Path Building vs Path Verifying: The Chain of Pain

Understanding The Problem

Figure 7 from RFC 4158

Visualizing the Problem

A visualization of the Mozilla Trusted CAs PKI graph, showing CAs as nodes, and the certificates that link them as edges.
Mozilla Trusted CAs, June 8, 2020

How to Avoid the Problem

More Ways to Go Wrong

Key Elements of a Successful Implementation

  • Make sure your APIs return issuers, and not just a single issuer.
  • When returning issuers, have a plan to sort them. You can do a simple sort, such as preferring trusted certificates first, or you could consider the strategies from RFC 4158. As RFC 4158 calls out, for every positive example, there’s likely a negative counter-example as well; the joy of engineering is finding the right balance for the use case.
  • Treat the certificates from the server as TLS 1.3 describes: a collection of certificates that can be used to build out the graph, rather than as an ordered linear chain, although with the first certificate as the server’s certificate.
  • Support some way of discovering additional links in the graph. This could be by allowing the calling application to provide a set of “not positively trusted” certificates, such as Mozilla’s intermediate preloading does, or it could mean supporting fetching authorityInformationAccess and allowing the CA to provide these additional certificates.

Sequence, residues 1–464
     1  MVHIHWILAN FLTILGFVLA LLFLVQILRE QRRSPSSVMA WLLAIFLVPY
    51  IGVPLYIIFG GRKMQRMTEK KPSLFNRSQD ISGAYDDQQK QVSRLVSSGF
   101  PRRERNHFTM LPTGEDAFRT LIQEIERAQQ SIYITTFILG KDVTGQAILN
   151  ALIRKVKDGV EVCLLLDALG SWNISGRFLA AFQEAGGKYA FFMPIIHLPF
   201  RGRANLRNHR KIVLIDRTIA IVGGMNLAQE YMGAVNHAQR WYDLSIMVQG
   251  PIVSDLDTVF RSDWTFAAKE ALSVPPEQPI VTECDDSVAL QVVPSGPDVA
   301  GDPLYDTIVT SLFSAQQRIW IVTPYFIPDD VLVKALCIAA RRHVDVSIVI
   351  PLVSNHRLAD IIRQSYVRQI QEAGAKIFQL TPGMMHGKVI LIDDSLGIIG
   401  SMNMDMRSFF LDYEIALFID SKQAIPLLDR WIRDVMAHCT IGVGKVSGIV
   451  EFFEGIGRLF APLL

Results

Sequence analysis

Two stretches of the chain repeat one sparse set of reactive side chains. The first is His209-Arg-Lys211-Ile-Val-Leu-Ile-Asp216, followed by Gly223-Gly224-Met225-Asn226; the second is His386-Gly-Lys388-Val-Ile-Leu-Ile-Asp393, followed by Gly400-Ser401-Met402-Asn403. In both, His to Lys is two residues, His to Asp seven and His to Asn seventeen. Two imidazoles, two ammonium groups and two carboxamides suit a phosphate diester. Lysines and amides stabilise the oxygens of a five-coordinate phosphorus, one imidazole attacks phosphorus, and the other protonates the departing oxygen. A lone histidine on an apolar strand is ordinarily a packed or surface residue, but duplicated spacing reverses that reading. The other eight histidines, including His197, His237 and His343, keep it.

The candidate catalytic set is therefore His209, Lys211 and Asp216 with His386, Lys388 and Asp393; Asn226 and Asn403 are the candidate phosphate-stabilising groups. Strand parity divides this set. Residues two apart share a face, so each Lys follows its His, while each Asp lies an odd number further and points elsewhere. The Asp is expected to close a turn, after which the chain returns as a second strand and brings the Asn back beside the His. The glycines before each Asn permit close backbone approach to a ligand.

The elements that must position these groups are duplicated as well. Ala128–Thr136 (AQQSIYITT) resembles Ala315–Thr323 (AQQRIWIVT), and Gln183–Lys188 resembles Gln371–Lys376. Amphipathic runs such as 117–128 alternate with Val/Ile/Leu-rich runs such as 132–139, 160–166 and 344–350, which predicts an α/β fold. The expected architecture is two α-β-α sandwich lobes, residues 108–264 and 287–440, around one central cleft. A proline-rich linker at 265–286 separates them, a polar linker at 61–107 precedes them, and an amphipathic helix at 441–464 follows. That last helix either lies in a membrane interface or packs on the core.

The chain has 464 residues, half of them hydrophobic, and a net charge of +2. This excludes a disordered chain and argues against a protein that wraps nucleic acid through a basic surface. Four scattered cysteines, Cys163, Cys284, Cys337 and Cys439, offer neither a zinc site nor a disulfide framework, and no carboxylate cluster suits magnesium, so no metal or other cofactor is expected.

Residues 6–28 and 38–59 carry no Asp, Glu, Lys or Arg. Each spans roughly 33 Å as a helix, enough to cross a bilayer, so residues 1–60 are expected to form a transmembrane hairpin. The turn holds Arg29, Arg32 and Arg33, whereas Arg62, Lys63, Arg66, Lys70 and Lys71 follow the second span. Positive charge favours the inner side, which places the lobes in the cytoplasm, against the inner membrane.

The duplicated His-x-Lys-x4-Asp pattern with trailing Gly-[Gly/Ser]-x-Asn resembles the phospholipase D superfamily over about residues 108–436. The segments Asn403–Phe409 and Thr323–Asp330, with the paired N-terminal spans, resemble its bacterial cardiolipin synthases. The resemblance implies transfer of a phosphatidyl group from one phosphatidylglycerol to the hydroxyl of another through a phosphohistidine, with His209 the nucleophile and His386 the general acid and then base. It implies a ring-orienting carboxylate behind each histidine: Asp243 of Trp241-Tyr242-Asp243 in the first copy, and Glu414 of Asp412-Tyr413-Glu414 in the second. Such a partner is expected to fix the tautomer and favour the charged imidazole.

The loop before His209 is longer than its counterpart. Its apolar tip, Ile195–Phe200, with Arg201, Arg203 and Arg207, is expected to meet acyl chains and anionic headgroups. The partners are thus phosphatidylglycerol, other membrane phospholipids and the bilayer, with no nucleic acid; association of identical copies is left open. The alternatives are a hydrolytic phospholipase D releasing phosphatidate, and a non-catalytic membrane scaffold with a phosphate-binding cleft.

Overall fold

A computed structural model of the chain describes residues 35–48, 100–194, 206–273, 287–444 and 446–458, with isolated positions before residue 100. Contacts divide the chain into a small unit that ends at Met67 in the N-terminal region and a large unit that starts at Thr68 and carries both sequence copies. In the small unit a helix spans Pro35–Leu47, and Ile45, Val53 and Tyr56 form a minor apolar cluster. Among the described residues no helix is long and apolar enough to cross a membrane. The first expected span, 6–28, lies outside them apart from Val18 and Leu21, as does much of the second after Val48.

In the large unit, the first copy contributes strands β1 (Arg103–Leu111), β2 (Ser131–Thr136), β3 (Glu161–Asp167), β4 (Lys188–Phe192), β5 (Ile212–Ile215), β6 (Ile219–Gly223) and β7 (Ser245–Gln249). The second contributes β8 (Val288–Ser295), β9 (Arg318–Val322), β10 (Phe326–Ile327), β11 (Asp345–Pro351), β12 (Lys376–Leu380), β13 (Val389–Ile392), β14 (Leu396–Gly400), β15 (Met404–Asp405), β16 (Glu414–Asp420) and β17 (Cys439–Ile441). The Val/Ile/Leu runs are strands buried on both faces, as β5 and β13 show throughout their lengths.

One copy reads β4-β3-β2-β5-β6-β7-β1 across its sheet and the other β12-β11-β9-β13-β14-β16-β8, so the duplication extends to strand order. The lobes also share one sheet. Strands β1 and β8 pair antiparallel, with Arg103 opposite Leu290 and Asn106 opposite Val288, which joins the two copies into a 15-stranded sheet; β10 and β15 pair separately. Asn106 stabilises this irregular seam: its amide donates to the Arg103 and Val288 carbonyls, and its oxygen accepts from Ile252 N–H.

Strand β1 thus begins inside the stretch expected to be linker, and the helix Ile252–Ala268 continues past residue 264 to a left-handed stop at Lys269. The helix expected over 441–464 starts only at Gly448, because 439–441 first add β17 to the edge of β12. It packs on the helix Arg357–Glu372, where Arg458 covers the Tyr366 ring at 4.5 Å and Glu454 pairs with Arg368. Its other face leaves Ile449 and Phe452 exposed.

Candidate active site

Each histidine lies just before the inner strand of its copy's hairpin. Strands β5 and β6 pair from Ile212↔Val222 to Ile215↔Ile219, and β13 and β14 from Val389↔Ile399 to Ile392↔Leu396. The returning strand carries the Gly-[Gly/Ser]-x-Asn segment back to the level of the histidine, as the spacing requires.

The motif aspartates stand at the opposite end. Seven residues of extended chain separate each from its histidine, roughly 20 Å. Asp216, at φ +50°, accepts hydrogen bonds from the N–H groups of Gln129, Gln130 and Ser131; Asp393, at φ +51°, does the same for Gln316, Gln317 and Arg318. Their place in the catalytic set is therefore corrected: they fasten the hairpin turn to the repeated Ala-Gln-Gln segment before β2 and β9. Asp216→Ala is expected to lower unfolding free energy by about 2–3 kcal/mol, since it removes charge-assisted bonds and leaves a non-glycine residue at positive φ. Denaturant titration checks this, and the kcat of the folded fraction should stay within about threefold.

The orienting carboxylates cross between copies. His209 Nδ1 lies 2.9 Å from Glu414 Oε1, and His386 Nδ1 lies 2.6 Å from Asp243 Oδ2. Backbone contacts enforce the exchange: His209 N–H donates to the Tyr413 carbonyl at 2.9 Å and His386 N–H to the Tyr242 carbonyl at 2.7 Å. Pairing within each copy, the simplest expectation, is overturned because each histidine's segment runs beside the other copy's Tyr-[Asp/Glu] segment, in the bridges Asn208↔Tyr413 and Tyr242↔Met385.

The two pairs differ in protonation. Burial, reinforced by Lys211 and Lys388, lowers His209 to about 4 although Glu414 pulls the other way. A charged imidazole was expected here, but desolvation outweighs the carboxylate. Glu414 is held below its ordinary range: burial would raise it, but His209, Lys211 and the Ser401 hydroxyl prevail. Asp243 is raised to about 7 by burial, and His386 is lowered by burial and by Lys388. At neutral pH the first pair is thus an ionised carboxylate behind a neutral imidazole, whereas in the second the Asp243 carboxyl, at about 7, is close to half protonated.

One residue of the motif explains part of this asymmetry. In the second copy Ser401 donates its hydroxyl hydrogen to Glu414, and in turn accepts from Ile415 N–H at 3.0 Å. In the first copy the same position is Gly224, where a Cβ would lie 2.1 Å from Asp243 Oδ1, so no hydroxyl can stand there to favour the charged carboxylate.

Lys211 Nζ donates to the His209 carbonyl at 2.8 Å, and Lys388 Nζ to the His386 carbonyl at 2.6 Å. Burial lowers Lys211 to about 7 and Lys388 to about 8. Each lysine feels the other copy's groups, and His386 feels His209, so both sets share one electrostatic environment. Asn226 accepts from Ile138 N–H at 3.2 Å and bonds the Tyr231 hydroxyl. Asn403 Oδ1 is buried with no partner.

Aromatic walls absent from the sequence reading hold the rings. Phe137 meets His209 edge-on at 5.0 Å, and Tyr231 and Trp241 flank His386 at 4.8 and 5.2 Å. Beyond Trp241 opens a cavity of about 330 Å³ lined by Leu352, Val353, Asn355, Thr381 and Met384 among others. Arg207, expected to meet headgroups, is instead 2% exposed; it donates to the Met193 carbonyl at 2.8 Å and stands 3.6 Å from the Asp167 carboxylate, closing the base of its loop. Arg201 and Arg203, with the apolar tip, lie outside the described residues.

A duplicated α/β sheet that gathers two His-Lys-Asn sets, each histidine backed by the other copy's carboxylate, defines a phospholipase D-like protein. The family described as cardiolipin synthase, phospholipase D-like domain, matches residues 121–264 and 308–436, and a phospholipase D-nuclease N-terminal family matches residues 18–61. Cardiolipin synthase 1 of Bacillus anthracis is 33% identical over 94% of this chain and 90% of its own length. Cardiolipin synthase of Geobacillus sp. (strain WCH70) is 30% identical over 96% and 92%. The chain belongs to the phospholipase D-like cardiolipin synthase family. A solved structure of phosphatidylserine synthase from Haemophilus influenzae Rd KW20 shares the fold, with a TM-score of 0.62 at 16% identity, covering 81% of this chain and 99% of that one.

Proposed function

• Integrate any checks as part of path building, such that path verification is merely a part of path building. You don’t need to build every chain, and then try to verify every chain; verify-as-you-go is a fine strategy. However, it’s essential that if a chain doesn’t verify, path building continues and tries to exhaust all paths before returning.
  • As with all graph algorithms, know your limits. Whether it’s the length/depth of the chain, the number of paths explored, the number of signatures verified, or the total time spent examining the graph, apply bounds to limit shenanigans.

Built for the Internet

Name Constraints

Extended Key Usages

Weak Crypto Handling

Trust Store Design and Trust Anchor Restrictions

Open Source Roundup

Footnotes

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I work on certs and stuff. Tweets are my own, etc. etc.

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Ryan Sleevi

Ryan Sleevi

I work on certs and stuff. Tweets are my own, etc. etc.

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